By: Casey O’Sullivan
**Possible trigger warning regarding sexual assault**
Recently, on March 24th, former CBC radio host Jian Ghomeshi was acquitted on four counts of sexual assault and one count of overcoming resistance through choking. Another trial will be held in June for one more accusation of sexual assault.
Until fall of 2014, Ghomeshi hosted CBCâ€™s Q broadcast. He was fired upon the CBC receiving news of an allegation. Later investigations done by the Toronto Star revealed 15 women with detailed allegations, only three of which went on to report it to police.
The allegations stated that Ghomeshi used violent force without any warning, which included him punching a woman three times in the head during intercourse and choking several other women.
He was acquitted on all five charges due to â€œinconsistenciesâ€ with the testimonies of the victims. These assaults, may I add, occured in the early 2000s. I am not a psychology major, but I do know of something called â€˜repressed memoriesâ€™, and general detail loss over time. Yes, when going to court one needs to have full detail of the events that took place. All of these women had just that. Unfortunately for them, contacting Ghomeshi after the event caused him to be deemed not-guilty.
As a victim of sexual assault, I know how horrifying it is to debate with yourself over whether to report the event to police. As we are proven time and time again – this situation included – the judicial system does not frequently favour sexual assault victims. Unfortunately, it can be a â€œhe said-she saidâ€ debate, in which the police may advise against pressing charges. For example, my abuser received eight months of house arrest, and a lifetime on the national sex offenders list. Even though I provided the courts with clear, hard evidence. He confessed in text messages the next day that he knew exactly what he had done. So yes, I won my court battle. However, my abuser got to start his new life eight months after the final court date, while I will serve a lifetime sentence of Post Traumatic Stress Disorder.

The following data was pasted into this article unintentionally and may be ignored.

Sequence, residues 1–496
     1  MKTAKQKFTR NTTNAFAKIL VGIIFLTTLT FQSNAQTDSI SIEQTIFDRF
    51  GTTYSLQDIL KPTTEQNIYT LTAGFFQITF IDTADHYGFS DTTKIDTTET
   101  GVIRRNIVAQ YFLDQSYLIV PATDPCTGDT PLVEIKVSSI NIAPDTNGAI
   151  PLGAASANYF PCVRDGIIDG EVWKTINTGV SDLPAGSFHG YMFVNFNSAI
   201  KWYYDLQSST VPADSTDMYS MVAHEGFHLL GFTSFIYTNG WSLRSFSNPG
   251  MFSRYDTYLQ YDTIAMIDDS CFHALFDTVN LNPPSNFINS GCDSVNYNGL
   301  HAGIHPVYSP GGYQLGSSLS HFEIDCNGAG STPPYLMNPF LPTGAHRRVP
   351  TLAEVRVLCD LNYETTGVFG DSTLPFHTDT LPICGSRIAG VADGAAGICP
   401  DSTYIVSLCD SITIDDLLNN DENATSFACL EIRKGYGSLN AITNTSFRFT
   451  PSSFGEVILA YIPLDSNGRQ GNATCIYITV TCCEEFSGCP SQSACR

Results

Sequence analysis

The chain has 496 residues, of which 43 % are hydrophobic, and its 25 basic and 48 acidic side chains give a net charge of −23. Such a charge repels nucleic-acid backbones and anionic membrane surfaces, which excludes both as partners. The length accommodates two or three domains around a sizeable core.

What I would like to say has been reiterated throughout the media, and I hope it will never stop. I believe all victims of sexual assault, regardless of what the courts say. Ten to twelve years have gone by for some of these women in the Ghomeshi case, and for any person to believe that they will still remember every exact detail from the assault, is delusional. After traumatic situations, the mind will often black out random details of the event in order to protect itself. Just because these women talked to Ghomeshi again (one of which spoke to him to make him admit what he had done) does not mean he did not do it. That being said, Ontario Court Justice William Horkins stated that he is not saying these events never happened, but the court could not fully determine whether the accusations were legitimate.
Regardless of the decision, I hope that no broadcast company hires Ghomeshi again, and that his reputation is tainted indefinitely. The media has done a great job of not letting this verdict silence victims, instead it has encouraged victims to speak out and get angry – as we should.